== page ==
The Austin serial bomber took his life once surrounded by police officers in Round Rock, Texas, north of Austin.
Leading up to his identification and death, his actions killed two African-American men in East Austin after two package bombs exploded. The families of Anthony Stephan House and Draylen Mason lost their loved ones due to a cowardly act of senseless violence.
Before these tragedies, the two families knew each other, having family members who all attended the same church. These men were dearly loved and remembered fondly by friends and family.
On the same day Draylen died and his mother was injured, 75-year-old Esperanza Herrera was injured by a package bomb. Apparently, the package was addressed to a different house number.
These first three bombs were all placed on the doorsteps of homes in East Austin. All three bombs injured or killed people of color.
Now, while the police are sorting out the 23-year-old bomber's motives, the nation is left wondering why. During the investigation, the police did not call these crimes an act of terrorism—while they gathered evidence —nor a hate crime—to keep the investigation broad. I don't know the semantics of labeling crimes, but regardless of the official designation: These bombings were fueled by hate. These bombings were an act of terror.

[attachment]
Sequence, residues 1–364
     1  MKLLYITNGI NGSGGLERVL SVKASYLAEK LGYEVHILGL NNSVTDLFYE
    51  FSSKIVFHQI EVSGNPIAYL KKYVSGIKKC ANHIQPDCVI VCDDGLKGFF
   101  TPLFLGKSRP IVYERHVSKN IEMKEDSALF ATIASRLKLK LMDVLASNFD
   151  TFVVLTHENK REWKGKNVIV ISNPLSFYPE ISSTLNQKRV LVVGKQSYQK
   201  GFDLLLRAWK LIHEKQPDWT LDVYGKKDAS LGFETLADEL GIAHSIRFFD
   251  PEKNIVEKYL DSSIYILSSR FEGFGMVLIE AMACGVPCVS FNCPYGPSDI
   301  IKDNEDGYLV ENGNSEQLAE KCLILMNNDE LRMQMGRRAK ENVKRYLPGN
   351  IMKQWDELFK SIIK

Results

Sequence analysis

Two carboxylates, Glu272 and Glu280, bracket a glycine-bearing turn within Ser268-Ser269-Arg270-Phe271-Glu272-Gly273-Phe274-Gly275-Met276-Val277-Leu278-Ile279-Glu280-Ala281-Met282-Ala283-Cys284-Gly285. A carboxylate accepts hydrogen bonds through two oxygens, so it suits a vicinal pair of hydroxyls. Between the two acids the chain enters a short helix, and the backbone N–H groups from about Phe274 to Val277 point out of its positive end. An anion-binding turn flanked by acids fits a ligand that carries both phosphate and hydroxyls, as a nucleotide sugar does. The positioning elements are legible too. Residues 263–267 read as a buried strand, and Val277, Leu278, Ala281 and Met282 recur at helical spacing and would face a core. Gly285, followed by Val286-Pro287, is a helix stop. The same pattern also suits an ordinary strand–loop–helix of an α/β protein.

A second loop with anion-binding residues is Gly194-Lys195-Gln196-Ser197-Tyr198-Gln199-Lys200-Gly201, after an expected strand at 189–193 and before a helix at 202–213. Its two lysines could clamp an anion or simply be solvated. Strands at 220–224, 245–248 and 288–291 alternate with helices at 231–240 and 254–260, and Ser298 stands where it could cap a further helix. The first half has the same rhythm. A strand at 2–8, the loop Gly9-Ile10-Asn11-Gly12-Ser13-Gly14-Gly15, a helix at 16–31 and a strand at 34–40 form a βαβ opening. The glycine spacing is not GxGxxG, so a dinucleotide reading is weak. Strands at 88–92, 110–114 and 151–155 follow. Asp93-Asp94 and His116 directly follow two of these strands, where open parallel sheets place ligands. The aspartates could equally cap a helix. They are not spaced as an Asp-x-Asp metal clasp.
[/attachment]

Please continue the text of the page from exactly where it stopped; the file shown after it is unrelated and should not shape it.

In the past couple of days, another bomb injured two young white men who were walking around their neighborhood in Southwest Austin. Apparently, a trip wire set off this bomb, and yet another bomb exploded in a Fed Ex facility an hour outside of Austin. Investigators think it may have been sent from the Fed Ex on Brodie Lane where my daughter and I often go to work on photo albums. These last few bombs led police to the perpetrator.
I love Austin. It's a beautiful, vibrant, artistic and an increasingly diverse city.
At the same time, as one of the fastest growing cities, it can also be a lonely place.
As the site of South by Southwest, the Austin City Limits Music Festival, and headquarters for several international tech companies and startups, Austin is known for innovation, live music and amazing food.
Yet, in spite of its progressive reputation, Austin has also had a history of segregation, gentrification, and division. These bombings have exposed some of these past wounds, leaving our communities of color mourning the loss of loved ones and grieved over what appears to be racial targeting. As followers of Jesus, we too should deeply care about this.